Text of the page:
Good Samaritan Hospital First on the West Coast to Offer Naturally Dissolving Heart Stent to Patients with Coronary Artery Disease
Recently approved by FDA, Absorb™ bioresorbable vascular scaffold opens clogged arteries to restore blood flow, and then gradually dissolves in the body--reducing the risk of future blockages that can occur with metal stents
LOS ANGELES, July 12, 2016 /PRNewswire-USNewswire/ -- Good Samaritan Hospital is the first hospital on the West Coast to offer patients with coronary artery disease (CAD) a first-of-its-kind dissolving heart stent. Abbott's Absorb™ dissolving heart stent is a drug eluting coronary stent that dissolves, completely and naturally, in the body over time. Absorb™ treats coronary artery disease like a metallic stent, propping the diseased vessel open to restore1 blood flow, but then disappears after the artery is healed, leaving no metal behind to restrict natural vessel motion.
Steven Burstein, MD, interventional cardiologist and medical director of the Cardiac Catherization Laboratory at Good Samaritan Hospital, is the first on the West Coast to implant the Absorb™ dissolving stent to patient Ernest Matson, 69, a retired Microbiology professor from the University of Guam on July 11th.
According to the National Heart, Lung and Blood Institute, CAD is the most common type of heart disease. CAD is a condition in which the arteries that supply blood to the heart become narrowed or blocked by a buildup of "plaque." Plaque is made up of fat, cholesterol, calcium and other deposits that accumulate on the inner wall of the artery. Over time, the plaque hardens and narrows the coronary arteries, limiting the flow of oxygen-rich blood to the heart muscle. Areas of plaque can also rupture, causing a blood clot to form on the surface of the plaque. When blood flow to the heart is reduced or blocked, angina (chest pain) or a heart attack can occur.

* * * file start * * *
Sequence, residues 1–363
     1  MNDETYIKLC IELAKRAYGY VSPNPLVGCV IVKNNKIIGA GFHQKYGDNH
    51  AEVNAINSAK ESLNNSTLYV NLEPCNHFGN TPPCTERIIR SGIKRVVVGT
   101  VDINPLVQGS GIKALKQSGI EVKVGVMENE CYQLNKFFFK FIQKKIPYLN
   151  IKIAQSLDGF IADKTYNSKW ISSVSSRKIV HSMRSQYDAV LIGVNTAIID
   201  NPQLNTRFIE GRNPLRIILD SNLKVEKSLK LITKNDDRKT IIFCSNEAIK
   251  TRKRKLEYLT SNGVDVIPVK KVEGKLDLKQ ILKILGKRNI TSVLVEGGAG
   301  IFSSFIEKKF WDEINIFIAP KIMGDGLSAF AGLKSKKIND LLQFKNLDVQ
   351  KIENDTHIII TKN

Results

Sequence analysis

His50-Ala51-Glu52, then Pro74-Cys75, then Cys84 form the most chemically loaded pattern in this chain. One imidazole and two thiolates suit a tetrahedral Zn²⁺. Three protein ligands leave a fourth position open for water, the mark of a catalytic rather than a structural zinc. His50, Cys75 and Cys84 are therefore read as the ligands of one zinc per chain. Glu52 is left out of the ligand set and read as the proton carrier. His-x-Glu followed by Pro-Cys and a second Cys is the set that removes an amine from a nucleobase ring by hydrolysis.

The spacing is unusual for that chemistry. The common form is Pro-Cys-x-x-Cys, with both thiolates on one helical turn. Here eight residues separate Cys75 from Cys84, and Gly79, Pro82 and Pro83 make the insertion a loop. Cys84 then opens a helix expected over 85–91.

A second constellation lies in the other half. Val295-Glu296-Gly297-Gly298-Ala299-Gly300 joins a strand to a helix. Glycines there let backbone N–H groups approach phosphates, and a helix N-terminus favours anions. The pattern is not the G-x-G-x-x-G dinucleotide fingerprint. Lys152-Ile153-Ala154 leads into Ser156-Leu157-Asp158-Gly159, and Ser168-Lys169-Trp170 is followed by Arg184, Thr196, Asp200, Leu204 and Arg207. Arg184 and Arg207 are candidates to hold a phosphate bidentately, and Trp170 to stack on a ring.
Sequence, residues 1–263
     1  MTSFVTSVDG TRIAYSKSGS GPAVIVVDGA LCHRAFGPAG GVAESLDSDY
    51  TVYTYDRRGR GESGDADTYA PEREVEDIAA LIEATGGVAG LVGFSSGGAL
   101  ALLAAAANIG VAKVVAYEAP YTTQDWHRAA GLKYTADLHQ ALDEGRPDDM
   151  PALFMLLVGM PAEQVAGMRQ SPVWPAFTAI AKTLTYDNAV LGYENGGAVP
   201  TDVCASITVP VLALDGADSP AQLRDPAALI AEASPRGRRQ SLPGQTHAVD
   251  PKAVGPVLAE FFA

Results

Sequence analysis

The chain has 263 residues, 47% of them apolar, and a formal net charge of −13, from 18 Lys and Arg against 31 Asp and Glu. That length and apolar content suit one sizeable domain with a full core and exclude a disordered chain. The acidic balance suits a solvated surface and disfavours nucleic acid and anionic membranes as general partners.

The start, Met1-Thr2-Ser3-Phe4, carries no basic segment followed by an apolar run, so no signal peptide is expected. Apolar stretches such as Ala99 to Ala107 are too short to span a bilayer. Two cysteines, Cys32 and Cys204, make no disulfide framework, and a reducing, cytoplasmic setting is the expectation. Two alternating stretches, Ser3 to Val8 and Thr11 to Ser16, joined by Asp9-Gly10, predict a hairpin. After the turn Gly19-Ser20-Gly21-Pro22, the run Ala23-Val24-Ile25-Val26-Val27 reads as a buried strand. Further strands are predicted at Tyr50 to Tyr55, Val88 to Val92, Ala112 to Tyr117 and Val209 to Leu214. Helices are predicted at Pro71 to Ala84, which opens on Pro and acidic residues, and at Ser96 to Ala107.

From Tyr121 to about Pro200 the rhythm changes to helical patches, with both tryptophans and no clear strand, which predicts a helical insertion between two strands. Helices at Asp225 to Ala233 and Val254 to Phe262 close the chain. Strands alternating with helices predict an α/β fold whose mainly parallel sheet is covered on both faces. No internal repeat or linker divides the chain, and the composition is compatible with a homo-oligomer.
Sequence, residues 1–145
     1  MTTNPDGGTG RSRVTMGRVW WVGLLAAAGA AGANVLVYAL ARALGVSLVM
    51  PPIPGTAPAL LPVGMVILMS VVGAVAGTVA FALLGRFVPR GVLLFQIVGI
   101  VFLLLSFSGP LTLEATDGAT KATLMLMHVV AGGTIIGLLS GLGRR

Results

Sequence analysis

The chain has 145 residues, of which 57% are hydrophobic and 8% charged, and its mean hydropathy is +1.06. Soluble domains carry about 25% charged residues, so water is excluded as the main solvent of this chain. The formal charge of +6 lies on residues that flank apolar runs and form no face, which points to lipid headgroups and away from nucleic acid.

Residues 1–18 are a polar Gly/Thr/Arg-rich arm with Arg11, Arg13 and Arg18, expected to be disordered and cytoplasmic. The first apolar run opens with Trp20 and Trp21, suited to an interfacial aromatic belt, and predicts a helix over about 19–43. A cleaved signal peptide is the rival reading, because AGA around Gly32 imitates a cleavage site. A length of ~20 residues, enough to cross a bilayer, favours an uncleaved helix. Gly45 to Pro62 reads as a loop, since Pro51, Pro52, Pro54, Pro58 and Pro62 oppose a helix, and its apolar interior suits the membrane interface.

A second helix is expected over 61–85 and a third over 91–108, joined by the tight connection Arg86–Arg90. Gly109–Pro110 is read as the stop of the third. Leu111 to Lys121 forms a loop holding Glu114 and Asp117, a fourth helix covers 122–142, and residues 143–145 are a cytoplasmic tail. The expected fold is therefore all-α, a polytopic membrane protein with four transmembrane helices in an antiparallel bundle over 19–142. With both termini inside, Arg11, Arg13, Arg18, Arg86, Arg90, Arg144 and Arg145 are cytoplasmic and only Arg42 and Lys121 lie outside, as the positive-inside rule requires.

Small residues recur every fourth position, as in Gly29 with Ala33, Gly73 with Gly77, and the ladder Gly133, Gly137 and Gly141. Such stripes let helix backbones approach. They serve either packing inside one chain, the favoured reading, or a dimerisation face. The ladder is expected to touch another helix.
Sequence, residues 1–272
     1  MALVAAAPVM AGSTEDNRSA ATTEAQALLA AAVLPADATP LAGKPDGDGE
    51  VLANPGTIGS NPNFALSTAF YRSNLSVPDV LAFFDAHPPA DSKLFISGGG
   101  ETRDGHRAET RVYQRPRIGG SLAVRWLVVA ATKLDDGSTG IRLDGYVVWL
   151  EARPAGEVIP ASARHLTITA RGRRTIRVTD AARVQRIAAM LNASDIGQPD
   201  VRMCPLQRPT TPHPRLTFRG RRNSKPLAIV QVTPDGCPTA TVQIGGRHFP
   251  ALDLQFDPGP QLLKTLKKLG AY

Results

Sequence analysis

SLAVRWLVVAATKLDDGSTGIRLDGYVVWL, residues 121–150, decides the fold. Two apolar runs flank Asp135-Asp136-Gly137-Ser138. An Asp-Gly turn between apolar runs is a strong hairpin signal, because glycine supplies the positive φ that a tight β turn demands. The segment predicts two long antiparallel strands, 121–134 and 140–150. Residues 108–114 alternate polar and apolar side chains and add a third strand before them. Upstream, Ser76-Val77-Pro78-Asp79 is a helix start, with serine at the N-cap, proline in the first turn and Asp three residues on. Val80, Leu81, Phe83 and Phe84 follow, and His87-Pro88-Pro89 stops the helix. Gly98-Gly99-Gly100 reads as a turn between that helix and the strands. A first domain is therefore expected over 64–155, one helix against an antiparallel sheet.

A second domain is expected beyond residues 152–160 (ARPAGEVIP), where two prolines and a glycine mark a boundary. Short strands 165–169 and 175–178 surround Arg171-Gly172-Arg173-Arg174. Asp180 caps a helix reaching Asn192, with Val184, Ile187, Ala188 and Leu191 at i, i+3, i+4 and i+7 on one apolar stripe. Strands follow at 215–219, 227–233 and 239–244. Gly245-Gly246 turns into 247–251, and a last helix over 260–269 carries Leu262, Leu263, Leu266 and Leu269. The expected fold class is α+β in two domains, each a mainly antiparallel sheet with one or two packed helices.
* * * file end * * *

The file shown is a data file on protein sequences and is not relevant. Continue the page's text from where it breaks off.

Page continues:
While stents are traditionally made of metal, Abbott's Absorb™ stent is made of a naturally dissolving material, similar to dissolving sutures. Absorb™ disappears completely in about 3 years, after it has done its job of keeping a clogged artery open and promoting healing of the treated artery segment. By contrast, metal stents are permanent implants.
"With outcomes equivalent to those of the best drug eluting metallic stents, the Absorb scaffolding will dissolve within 18 to 24 months leaving behind a normal and natural vessel," says Dr. Burstein. "This will not preclude further stenting or bypass surgery and may in fact make these future procedures, if indicated, easier to perform."
Absorb™ has been used to treat more than 150,000 people and is available in more than 100 countries worldwide. It received European regulatory approval in 2010 and approval from the U.S. Food and Drug Administration in 2016.
About Good Samaritan Hospital First opened in 1885, Good Samaritan Hospital is a 408-bed tertiary care facility offering some of the most comprehensive care in Los Angeles. Specializing in cardiac, orthopaedic, oncologic, ophthalmologic, and women's services, Good Samaritan Hospital offers various medical and surgical programs in its six centers of excellence: Heart & Vascular Center, Comprehensive Orthopaedic Center, Davajan-Cabal Center for Perinatal Medicine, Pancreatico-Biliary, Tertiary Retinal Surgery, and Transfusion-Free Medicine & Surgery Center. For more information visit www.goodsam.org.
1Absorb improves coronary luminal diameter, restores blood flow and enables movement of the treated vessel. Source: Absorb GT1 IFU.